Editor’s Letter: In Defence of Lifestyle, During Times of ChaosBy Angelica Malin
I feel weird. Oddly redundant, like I’ve been fired (I work for myself, so it’s like I’ve fired me.) My inbox is quiet, my Twitter feed is dead apart from #GE2017 tweets and the only thing I can do is count down the minutes until it’s acceptable to have my next cup of tea.
Typing away, in our little office in Camden, writing about underwater high-intensity classes, rooftop brunches, single-origin chocolate brands, pop-up restaurants, vegan protein powders… It all seems so simple? Basic? Unnecessary? I feel like I’ve skived off life, while the real adults are putting the world to rights over long board meetings with lots of tea and digestive biscuits, like Hugh Grant in Love Actually.
When the world is spinning, and we’re in the midst of political chaos, you can’t help but feel that your little world, full of press releases, random free stuff and fancy brownie deliveries, is being undermined at its core. My work feels reduced to something too simple, easy and rather gratuitous.
I know I’m not the only one that feels it. Friends that work in marketing, PR, social media, blogging, influencers, ones that aren’t particularly politically minded or interested, they feel like onlookers to a car crash, wanting to drive past, but feeling like their whole lives are being dragged into the mess without choice. Do you have to care? Do you have to be involved? I don’t judge anyone who wants to stay out of the mess of politics at the moment. It’s nasty, and stressing out about the country’s future whilst trying to do your 9-5 isn’t mandatory. If you want to stay out of it all, that’s OK too.
There’s so many amazing people whose lives are directly touched by the political change we’ve seen today – NHS staff, lawyers, corporate giants, civil servants, politicians – and, of course, this change affects us directly eventually. But for many us, the huge political and social changes that are taking place at the moment shouldn’t, doesn’t, change anything today for us. In fact, for many, this change only affect us by their absence in our everyday lives. There’s a strange silence at work, in our little lifestyle bubble. I feel guilty for not caring more, for not being more involved.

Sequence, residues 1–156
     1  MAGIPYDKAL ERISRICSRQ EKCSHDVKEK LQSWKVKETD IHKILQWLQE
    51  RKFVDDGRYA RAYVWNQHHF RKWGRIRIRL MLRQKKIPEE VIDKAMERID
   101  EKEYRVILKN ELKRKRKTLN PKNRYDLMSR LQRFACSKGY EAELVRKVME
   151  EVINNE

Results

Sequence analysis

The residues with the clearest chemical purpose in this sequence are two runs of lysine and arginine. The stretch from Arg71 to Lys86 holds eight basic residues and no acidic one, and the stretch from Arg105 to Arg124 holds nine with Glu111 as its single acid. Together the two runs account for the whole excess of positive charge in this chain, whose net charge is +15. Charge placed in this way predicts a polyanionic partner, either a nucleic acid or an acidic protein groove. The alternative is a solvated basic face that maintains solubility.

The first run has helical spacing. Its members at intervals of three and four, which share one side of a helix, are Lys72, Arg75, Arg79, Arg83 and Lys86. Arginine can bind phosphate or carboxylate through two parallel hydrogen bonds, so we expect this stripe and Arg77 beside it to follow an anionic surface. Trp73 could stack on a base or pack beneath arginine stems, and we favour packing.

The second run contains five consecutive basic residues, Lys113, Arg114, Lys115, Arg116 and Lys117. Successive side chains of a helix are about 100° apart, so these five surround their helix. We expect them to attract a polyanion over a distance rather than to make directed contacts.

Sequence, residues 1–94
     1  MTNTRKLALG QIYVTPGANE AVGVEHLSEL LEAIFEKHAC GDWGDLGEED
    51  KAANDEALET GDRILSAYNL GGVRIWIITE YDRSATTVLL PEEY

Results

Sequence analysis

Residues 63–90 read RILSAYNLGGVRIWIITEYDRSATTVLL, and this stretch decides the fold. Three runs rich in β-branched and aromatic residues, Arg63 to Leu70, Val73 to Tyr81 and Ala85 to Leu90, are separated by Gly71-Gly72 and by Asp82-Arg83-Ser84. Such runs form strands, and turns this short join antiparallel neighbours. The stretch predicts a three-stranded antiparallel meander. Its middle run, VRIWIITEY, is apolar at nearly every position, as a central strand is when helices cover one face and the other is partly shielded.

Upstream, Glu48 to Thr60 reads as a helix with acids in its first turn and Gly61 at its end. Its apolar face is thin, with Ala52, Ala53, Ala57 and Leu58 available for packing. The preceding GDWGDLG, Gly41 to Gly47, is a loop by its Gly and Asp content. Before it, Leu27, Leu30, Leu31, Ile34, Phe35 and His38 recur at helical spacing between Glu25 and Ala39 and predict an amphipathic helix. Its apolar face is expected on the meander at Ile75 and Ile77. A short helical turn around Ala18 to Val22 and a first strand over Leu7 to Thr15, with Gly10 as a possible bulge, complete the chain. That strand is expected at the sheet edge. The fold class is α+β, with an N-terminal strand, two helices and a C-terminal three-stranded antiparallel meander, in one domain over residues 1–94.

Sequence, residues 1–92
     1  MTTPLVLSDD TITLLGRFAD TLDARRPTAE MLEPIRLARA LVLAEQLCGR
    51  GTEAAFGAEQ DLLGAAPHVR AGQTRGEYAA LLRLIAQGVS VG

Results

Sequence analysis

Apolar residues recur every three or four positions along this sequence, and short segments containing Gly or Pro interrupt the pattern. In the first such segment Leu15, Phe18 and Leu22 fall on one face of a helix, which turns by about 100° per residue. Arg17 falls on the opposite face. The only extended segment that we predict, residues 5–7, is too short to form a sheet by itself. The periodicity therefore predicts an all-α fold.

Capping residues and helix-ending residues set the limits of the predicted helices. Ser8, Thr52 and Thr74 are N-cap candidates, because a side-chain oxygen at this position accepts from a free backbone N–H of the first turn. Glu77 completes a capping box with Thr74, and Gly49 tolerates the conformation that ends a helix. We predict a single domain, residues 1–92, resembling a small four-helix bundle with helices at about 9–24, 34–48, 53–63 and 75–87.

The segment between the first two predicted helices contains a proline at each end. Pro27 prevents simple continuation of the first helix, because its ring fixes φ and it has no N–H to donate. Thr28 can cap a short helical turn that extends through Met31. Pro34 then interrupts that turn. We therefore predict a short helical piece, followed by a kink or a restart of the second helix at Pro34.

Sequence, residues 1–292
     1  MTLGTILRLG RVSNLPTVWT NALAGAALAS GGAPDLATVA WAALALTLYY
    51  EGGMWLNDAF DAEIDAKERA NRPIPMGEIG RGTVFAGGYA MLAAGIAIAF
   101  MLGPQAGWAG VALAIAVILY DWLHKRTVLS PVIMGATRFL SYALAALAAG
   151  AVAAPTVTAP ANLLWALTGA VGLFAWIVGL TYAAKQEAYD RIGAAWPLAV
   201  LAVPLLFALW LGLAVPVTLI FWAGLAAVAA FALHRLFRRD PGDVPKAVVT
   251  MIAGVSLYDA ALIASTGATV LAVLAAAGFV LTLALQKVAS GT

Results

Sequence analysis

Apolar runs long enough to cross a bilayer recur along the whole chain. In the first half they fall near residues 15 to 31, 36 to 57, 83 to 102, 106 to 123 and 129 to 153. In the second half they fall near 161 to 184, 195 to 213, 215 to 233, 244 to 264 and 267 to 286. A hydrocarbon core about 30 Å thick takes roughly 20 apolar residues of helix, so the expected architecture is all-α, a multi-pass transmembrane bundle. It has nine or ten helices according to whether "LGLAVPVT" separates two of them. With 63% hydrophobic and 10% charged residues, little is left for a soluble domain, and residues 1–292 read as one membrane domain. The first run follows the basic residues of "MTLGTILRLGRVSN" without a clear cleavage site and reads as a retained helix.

And yet. And yet. Why do I feel so bad about doing the job I do? Like it doesn’t matter anymore. But it does matter. What matters is our ability to keep going – it’s what makes the backbone of Britain. Our ability to keep going, to stay strong, to stay focused, even when the world around us seems like it’s crumbling, is crucial to keeping sanity. We have to keep living our best lives, whatever form that takes. For me, that means writing about the “silly” things, like new gyms, restaurants and street food trucks, and for you, that means allowing yourself to indulge in the normal, everyday things, like planning a meal out with friends, or booking into a stress-relieving workout class.
The recent spate of hateful, senseless terrorist attacks has changed my relationship to “lifestyle”. Every time one of these disgusting attacks happen, I feel even worse about what we do – writing about coconut lattes and chocolate brownies and expensive tasting menus – when people are losing their lives just for being in the wrong place at the wrong time. These huge, life-changing events, seem to shrink our job, our world, and reduce our work to something so trivial. How can I care so much about avocados when ISIS is fucking up the world we know? But we cannot stop living our lives. We cannot stop enjoying our time on earth. Going out for a really great slice of cake, discovering a new restaurant, going to the theatre, a concert, a food festival, these acts of living are their own acts of defiance. Choosing to live, to indulge, to laugh, is two-fingers up to terrorism, to totally incompetent politicians, to a world that seems to be spinning out of all control.
This weekend: you have to do you, whatever form that takes.
Happy Friday all x